Document Compatibility in Internet Explorer 8

Now that IE8 is on the scene and about to hit the street in a big way, it's a good time to learn about the new Document Compatibility features.

Internet Explorer 8 introduces document compatibility. An extension of the compatibility mode introduced in Internet Explorer 6, document compatibility enables you to choose the specific rendering mode that Internet Explorer uses to display your web pages, to help ensure that your web pages have a consistent appearance.  Although IE8 has  "Compatibility View" settings (including a checkbox to "display all websites in Compatibility View"), you cannot rely on users to use these settings.

As a developer, you probably already have your site "doing what you want" for Internet Explorer 7, so the easiest way to control page rendering in IE8 is to use the new "Meta" element to enforce IE 7 rendering behavior.

Internet Explorer 8 comes closer to industry standards than any previous version. Consequently, sites designed for older versions of  IE may not display as intended. To help mitigate any problems, Internet Explorer 8 introduces the concept of document compatibility, which lets you specify the versions of Internet Explorer that your site is designed to support. Document compatibility adds new modes to Internet Explorer 8; these modes tell the browser how to interpret and render a web page. If your site does not display correctly in Internet Explorer 8, you can update the site to support the latest web standards. Or if you're like me and generally fed up with all this monkeying every time a new browser / version comes out, and you're happy with what you have now, you can simply add a special meta element to your pages that tells Internet Explorer 8 to render your site as if it were being viewed in IE7. If you use Master Pages, you need only add the meta tag to the Masters.

Here are the various modes supported:

  • Emulate IE8 mode tells Internet Explorer to use the <!DOCTYPE> directive to determine how to render content. Standards mode directives are displayed in Internet Explorer 8 standards mode and quirks mode directives are displayed in IE5 mode. Unlike IE8 mode, Emulate IE8 mode respects the <!DOCTYPE> directive.

  • Emulate IE7 mode tells Internet Explorer to use the <!DOCTYPE> directive to determine how to render content. Standards mode directives are displayed in Internet Explorer 7 standards mode and quirks mode directives are displayed in IE5 mode. Unlike IE7 mode, Emulate IE7 mode respects the <!DOCTYPE> directive. For many Web sites, this is the preferred compatibility mode.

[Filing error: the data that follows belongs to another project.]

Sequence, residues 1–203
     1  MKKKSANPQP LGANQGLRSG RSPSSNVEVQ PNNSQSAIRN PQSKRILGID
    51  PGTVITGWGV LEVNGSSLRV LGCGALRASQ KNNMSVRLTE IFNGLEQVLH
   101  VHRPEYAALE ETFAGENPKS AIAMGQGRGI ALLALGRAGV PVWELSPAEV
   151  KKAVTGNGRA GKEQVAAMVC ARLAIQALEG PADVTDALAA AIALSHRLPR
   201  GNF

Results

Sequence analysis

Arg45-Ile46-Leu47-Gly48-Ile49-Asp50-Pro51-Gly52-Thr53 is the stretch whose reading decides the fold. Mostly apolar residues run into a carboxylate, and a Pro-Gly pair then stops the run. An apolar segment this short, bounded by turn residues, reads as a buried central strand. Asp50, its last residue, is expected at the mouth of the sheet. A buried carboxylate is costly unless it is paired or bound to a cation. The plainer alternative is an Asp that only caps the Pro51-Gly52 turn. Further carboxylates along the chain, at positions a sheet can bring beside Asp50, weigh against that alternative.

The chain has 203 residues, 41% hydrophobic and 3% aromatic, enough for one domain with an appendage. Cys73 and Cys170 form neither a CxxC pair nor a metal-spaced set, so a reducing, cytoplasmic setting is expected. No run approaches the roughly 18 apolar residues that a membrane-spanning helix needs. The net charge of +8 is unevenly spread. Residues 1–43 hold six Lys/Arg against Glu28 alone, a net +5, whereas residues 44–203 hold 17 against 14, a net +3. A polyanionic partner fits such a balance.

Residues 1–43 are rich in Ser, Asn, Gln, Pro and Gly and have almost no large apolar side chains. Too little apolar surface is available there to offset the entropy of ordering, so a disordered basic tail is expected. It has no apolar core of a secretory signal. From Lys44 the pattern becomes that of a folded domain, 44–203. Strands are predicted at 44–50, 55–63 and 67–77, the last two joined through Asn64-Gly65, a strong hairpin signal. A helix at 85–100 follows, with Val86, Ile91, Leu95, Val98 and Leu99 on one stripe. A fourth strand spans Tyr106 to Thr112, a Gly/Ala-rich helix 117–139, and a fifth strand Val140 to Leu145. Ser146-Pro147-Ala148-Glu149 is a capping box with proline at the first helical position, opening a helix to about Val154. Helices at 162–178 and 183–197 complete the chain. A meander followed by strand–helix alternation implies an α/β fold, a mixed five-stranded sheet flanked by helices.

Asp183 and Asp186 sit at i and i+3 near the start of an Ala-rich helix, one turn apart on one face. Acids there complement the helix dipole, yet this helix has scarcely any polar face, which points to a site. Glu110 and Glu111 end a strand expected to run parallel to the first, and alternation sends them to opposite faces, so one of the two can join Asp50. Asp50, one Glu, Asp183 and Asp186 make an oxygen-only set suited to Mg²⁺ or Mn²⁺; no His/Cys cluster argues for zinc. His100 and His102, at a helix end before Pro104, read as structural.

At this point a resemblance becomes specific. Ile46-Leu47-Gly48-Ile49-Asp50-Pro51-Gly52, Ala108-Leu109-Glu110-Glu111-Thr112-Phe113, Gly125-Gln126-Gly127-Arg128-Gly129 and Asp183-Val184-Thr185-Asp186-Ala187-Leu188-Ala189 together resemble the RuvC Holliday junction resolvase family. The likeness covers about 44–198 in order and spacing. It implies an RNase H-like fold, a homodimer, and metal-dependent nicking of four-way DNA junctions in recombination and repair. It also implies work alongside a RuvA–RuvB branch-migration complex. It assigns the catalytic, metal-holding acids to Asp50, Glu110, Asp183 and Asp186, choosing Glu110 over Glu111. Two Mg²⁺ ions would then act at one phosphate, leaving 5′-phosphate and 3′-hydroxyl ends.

• IE5 mode renders content as if it were displayed by Internet Explorer 7's quirks mode, which is very similar to the way content was displayed in Internet Explorer 5.

  • IE7 mode renders content as if it were displayed by Internet Explorer 7's standards mode, whether or not the page contains a <!DOCTYPE> directive.

  • IE8 mode provides the highest support available for industry standards, including the W3C Cascading Style Sheets Level 2.1 Specification  and the W3C Selectors API , and limited support for the W3C Cascading Style Sheets Level 3 Specification (Working Draft) .

  • Edge mode tells Internet Explorer to display content in the highest mode available. With Internet Explorer 8, this is equivalent to IE8 mode. If a future release of Internet Explorer supported a higher compatibility mode, pages set to edge mode would appear in the highest mode supported by that version. Those same pages would still appear in IE8 mode when viewed with Internet Explorer 8.

 

Here is a sample HTML Code block that would tell IE8 to render pages the same way that IE7 does:

<html>
<head>
<!-- Mimic Internet Explorer 7 -->
<meta http-equiv="X-UA-Compatible" content="IE=EmulateIE7" />
<title>My Web Page</title>
</head>
<body>
<p>Content goes here.</p>
</body>
</html>

You can also instruct your web server to handle this, from the web.config file:

<?xml version="1.0" encoding="utf-8"?>
<configuration>
<system.webServer>
<httpProtocol>
<customHeaders>
<clear />
<add name="X-UA-Compatible" value="IE=EmulateIE7" />
</customHeaders>
</httpProtocol>
</system.webServer>
</configuration>

Here are some of the other meta tags:

<meta http-equiv="X-UA-Compatible" content="IE=4">   <!-- IE5 mode -->
<meta http-equiv="X-UA-Compatible" content="IE=7.5"> <!-- IE7 mode -->
<meta http-equiv="X-UA-Compatible" content="IE=100"> <!-- IE8 mode -->
<meta http-equiv="X-UA-Compatible" content="IE=a">   <!-- IE5 mode -->

You can determine document mode via client script:

javascript:alert(document.documentMode);

By Peter Bromberg   Popularity  (11731 Views)